With bitcoin and the cryptocurrency market, in general, becoming more popular, it comes as no surprise to see an uptick in government oversight. The Financial Action Task Force (FATF) is set to issue guidelines to over 200 countries on how to police the virtual currency scene in their respective nations.
These new rules could impose extra regulatory restrictions on cryptocurrency exchanges especially as they affect privacy. In response, the digital trading market could begin to put greater emphasis on decentralized exchange (DEX) platforms.
FATF Bitcoin Regulations Imminent
By June 21, 2019, the intergovernmental body – FATF, will issue guidelines to the 200 countries that follow its rules on how to govern the virtual currency industry. This move is part of the FATF’s anti-money laundering (AML) and terrorist financing efforts.
Alexandra Wijmenga-Daniel, a spokesperson for the agency in an email to Bloomberg said these new guidelines will cover exchanges, custody platforms, and hedge funds to mention a few. Reports also indicate that these new provisions will mirror many of the longstanding laws already governing the mainstream banking and finance sectors.
According to Bloomberg, the FATF guidelines will advise countries to impose strict Know-Your-Customer (KYC) protocols on all participating entities in the cryptocurrency space. These laws will apply to cryptocurrency transactions that exceed $1,000 or 1,000 euros.
Governments will also have access to customer data about the individuals on the receiving end of such transactions to track potential money laundering or terrorist financing activities. Such large-scale data collection laws would seriously impact the privacy of bitcoin transactions.
Compulsory KYC Could Mean More Headaches for Exchanges
These new FATF guidelines could mean extra compliance headaches for bitcoin exchanges across the globe. Apart from the cost of compliance, platforms will also have to go the extra mile in determining who transaction recipients are, which means developing bespoke technologies.
John Roth of Bittrex identifies this same issue, saying:
It’s either going to require a complete and fundamental restructuring of blockchain technology, or it’s going to require a global parallel system to be sort of constructed among the 200 or so exchanges in the world. You can imagine difficulties in trying to build something like that.
As previously reported by Blockonomi, Japan is already taking steps to impose stricter laws on cryptocurrency exchanges operating in the country. These new measures come as the country tries to obtain a favorable FATF rating when the intergovernmental agency comes calling in the Fall of 2019.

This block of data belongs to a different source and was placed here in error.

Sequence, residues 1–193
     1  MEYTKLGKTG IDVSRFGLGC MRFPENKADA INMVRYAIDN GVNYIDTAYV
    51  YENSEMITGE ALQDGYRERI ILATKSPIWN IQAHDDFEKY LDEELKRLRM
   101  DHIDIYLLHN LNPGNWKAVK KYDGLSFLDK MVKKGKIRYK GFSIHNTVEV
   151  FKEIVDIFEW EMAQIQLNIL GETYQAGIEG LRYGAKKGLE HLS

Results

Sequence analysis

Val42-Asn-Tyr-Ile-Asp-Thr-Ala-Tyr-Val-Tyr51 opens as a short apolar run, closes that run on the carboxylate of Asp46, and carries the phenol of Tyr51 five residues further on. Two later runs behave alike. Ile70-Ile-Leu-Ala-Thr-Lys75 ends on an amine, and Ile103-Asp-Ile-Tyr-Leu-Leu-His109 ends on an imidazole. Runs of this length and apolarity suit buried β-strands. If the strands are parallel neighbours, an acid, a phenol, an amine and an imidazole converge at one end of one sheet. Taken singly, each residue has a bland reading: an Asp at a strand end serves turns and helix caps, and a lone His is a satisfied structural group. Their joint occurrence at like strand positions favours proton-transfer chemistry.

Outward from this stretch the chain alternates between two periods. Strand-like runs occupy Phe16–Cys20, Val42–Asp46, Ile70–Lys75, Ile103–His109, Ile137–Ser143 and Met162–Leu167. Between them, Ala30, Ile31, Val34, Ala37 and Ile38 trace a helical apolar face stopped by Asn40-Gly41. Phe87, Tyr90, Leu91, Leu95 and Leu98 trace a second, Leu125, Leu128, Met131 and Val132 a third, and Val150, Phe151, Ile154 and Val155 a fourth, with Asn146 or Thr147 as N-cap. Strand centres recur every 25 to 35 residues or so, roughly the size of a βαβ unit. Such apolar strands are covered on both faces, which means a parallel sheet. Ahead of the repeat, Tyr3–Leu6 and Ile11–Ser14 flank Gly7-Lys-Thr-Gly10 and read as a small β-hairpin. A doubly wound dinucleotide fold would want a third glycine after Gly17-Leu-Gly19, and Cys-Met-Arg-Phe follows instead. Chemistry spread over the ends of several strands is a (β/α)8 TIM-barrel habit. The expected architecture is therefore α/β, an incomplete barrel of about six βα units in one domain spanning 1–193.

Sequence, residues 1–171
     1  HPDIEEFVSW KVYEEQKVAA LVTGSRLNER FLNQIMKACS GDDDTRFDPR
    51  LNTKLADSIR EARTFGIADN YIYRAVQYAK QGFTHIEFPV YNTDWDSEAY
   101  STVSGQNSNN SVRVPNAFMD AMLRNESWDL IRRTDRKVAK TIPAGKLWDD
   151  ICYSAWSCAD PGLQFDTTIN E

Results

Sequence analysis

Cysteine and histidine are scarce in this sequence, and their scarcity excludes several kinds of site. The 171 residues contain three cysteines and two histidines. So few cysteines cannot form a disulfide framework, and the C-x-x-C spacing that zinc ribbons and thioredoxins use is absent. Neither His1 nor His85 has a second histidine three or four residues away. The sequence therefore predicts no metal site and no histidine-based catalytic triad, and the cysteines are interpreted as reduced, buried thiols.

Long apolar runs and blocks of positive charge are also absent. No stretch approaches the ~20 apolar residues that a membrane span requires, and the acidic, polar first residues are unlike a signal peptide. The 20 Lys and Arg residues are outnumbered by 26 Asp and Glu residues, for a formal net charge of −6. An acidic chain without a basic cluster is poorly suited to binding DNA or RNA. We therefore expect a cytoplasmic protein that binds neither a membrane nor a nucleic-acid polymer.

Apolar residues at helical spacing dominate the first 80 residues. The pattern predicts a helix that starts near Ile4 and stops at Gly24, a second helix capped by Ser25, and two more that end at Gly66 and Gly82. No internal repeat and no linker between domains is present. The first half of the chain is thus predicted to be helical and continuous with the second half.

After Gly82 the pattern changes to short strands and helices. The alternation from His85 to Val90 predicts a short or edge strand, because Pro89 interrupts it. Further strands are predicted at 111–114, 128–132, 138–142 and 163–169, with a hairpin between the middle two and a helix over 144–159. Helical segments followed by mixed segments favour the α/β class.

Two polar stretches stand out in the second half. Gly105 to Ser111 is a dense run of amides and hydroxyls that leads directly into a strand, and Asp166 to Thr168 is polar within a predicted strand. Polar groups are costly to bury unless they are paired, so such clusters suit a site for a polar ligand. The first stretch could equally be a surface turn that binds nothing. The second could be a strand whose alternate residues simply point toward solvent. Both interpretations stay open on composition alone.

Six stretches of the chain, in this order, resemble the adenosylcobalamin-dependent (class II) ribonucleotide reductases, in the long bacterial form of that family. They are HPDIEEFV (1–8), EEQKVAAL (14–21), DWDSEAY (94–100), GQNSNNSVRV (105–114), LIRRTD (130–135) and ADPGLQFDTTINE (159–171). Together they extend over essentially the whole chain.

Like Japan, other jurisdictions will most likely come down hard on errant platforms leading to shutdowns on these noncompliant exchanges. Stricter KYC protocols also add to the list of compliance issues many platforms face in different countries.
Unclear securities laws have seen three major exchanges – Binance, Poloniex, and Bittrex, geofence U.S. traders since the start. Depending on the extent of the impending FATF mandate, more platforms might be forced to geofence American traders as well.
Pivot to DEX Highly Likely
Privacy is arguably one of the fundamental bedrocks of cryptocurrency and the institution of compulsory KYC laws might cause participants to move away from centralized trading avenues subject to government laws. This pivot could open the way for peer-to-peer (P2P) trading via DEX platforms to become more popular.
Jeff Horowitz of Coinbase speaking to Bloomberg makes a similar observation, saying:
“I get why the FATF wants to do this, but applying bank regulations to this industry could drive more people to conduct person-to-person transactions, which would result in less transparency for law enforcement. The FATF really needs to consider the many unintended consequences of applying this specific rule to virtual-asset service providers (VASPs).”
DEX platforms usually do not involve fiat transactions thus removing the need to comply with KYC. However, for such a pivot to become mainstream, then DEX platforms will require improved user interfaces as they are notoriously difficult to use when compared to their centralized counterparts.
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